Black’s official vocation was now reality-TV score composer, but if you dropped the reality-TV part, you’d be left with how he truly saw himself: Goth composer.  The closest Corinthian had come to the big time: a record release party in France, at a smoky subterranean bistro: Nick Cave solo, their supporting act.

After Mute Records sent Corinthian packing, and the other band members disappeared into drugs, Black had to retune.  At a studio session, laying down steel guitar for a respected alt-country singer (an 80’s one hit wonder maintaining a steady fan base), he was asked to hit the road again.  This time, it didn’t hit him back: Deep stage left, he played piano, organ and guitar on a cushioned stool, his mug shaded by a black cowboy hat.  On the tour bus, lit by the glow of his Mac, he was finally able to hone his macabre instrumentals, other markets firmly in mind.

For two years the band latched onto an 80’s revue tour, filled with light shows and wrinkled rockers, happy to be remembered and paid.  The gig locked him into an annual album-tour salary, roughly thirty thousand a year.  He paid twelve months’ rent—in full—at the start of each tour, but at tour’s end, he had to crawl back into Borders Books & Music, to pay for the drinks that weren’t free anymore.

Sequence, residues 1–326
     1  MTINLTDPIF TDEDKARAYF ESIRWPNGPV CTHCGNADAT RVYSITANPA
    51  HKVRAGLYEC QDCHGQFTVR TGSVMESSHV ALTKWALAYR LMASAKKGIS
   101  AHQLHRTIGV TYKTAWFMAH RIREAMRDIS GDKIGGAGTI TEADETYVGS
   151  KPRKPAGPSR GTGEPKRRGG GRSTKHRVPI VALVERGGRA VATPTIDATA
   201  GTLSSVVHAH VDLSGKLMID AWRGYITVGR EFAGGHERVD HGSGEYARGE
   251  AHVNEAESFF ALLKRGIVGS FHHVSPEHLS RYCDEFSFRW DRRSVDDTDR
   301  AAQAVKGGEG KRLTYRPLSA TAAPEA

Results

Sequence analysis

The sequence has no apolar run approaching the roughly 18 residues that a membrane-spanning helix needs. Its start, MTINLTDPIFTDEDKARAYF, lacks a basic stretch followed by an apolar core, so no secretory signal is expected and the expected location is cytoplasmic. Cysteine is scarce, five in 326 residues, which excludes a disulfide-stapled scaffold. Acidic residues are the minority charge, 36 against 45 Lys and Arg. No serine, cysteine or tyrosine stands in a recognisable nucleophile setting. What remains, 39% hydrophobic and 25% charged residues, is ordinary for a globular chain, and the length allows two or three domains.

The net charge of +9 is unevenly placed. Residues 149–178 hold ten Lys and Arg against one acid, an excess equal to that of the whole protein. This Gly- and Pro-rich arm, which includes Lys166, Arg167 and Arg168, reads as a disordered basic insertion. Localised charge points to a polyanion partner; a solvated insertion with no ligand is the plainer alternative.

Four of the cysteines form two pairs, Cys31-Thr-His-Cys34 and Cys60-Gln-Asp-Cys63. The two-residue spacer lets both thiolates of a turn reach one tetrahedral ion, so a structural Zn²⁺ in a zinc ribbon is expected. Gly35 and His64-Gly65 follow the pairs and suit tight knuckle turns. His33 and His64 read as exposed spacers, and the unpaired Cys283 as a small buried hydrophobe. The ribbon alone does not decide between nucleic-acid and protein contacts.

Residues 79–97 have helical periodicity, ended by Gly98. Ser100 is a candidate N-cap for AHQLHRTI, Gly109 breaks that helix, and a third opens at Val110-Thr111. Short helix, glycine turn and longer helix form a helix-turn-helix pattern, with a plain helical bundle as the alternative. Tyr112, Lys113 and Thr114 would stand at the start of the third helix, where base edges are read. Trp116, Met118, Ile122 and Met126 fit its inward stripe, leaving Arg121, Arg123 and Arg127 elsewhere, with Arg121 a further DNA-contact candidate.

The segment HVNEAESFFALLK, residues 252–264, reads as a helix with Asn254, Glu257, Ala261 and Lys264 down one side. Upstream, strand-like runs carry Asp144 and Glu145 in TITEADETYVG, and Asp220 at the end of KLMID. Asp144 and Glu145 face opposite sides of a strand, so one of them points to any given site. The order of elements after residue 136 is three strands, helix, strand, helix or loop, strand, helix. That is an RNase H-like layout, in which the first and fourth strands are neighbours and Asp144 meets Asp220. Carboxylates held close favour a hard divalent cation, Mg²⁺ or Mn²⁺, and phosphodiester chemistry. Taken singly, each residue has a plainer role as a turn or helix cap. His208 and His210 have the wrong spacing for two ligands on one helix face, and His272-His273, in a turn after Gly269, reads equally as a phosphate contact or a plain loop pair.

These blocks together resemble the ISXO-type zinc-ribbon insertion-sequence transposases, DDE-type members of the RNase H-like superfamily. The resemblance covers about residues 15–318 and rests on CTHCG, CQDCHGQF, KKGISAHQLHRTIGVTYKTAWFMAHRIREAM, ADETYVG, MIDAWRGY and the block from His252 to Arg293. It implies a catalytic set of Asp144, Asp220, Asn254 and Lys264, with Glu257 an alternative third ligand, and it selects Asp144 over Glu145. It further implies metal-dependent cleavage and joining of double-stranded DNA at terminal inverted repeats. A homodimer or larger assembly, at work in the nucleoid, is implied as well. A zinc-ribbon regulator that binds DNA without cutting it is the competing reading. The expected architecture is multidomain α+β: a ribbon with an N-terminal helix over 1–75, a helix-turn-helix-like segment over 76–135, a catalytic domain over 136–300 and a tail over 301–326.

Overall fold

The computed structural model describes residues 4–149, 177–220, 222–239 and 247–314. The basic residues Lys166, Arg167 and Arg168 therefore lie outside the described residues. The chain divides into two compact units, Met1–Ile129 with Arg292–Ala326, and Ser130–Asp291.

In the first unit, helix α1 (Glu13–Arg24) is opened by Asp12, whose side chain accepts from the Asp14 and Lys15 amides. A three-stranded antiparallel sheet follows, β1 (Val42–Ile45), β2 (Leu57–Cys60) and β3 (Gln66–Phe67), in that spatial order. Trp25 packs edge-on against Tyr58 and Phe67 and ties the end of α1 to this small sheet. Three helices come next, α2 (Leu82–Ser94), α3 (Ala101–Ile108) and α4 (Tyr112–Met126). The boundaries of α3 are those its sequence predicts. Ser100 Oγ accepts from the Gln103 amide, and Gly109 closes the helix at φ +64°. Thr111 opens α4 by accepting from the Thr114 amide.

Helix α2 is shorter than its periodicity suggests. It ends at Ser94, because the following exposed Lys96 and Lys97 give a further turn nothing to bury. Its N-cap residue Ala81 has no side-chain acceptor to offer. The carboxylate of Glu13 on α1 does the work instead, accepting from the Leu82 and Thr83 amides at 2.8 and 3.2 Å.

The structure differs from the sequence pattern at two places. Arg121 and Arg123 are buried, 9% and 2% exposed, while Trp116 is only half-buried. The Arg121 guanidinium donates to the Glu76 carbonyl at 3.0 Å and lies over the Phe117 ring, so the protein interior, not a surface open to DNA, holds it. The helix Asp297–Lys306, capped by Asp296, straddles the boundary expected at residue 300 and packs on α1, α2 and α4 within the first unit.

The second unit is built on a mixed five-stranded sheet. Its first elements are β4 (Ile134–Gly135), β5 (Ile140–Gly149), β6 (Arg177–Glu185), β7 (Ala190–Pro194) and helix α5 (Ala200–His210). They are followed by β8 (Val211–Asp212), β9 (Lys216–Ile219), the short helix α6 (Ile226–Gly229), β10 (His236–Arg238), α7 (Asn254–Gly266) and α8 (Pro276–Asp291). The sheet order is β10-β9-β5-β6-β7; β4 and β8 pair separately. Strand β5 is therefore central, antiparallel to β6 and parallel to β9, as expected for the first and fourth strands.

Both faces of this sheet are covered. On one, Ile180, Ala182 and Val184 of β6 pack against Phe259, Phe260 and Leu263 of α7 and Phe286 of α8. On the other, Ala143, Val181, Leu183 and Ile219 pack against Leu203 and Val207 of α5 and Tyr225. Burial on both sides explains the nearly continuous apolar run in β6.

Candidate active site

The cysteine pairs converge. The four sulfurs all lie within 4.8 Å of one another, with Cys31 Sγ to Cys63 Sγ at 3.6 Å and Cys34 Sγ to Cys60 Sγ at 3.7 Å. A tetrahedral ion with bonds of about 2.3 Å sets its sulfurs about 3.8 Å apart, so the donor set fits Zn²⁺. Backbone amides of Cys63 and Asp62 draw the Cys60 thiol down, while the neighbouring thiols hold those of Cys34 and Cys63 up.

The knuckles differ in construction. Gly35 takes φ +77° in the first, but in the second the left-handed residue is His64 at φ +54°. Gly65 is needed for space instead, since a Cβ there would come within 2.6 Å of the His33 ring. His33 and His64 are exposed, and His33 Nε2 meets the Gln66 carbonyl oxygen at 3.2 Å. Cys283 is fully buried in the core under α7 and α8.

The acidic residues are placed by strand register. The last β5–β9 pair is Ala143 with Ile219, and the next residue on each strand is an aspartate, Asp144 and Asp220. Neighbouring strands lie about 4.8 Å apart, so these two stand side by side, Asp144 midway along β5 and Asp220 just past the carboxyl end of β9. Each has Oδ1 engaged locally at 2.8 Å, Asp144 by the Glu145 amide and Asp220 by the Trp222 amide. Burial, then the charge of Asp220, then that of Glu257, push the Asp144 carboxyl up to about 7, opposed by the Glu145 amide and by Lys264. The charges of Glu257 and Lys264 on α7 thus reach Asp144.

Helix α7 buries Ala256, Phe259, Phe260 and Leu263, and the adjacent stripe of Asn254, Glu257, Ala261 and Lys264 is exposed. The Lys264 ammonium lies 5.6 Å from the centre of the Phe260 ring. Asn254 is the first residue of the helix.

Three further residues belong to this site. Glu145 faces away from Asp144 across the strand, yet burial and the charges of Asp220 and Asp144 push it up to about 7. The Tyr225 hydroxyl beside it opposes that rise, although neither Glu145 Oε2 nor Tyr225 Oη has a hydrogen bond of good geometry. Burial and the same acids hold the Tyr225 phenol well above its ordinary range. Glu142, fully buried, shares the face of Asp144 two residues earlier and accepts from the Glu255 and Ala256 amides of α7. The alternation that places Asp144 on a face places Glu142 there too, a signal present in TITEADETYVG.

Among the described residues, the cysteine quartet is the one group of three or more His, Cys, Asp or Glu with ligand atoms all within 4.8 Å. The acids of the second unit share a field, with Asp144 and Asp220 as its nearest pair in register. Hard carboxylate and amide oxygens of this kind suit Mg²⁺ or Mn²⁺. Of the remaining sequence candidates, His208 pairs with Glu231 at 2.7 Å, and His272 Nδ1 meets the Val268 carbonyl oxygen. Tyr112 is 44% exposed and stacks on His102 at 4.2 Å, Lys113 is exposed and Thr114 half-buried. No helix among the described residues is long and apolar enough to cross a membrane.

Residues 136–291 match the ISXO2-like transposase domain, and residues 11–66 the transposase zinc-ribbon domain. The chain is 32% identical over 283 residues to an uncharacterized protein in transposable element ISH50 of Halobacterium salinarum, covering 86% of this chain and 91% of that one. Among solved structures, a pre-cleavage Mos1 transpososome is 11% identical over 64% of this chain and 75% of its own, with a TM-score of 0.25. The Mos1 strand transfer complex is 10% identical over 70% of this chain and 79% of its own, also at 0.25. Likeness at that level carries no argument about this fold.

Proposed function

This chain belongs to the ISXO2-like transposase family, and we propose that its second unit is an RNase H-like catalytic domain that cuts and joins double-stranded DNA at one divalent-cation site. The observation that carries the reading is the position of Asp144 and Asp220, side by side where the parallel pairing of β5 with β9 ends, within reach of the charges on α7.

The alt-country singer became pregnant and Black was back to where he was when he answered that “STUDIO GUITARIST NEEDED” ad three years ago.

Square one.  Freelance.

Making freelance Hollywood dollars was not for the faint of heart.  But years of touring in the van with Corinthian, talking all things morbid with all brand of nocturnal creature in all manner of fleabag motel, provided fuel for his dark concoctions.  State by state, mile by mile, gig by gig, he carved a dark thick skin of a soul: one he deemed fit to absorb the Hollywood hits.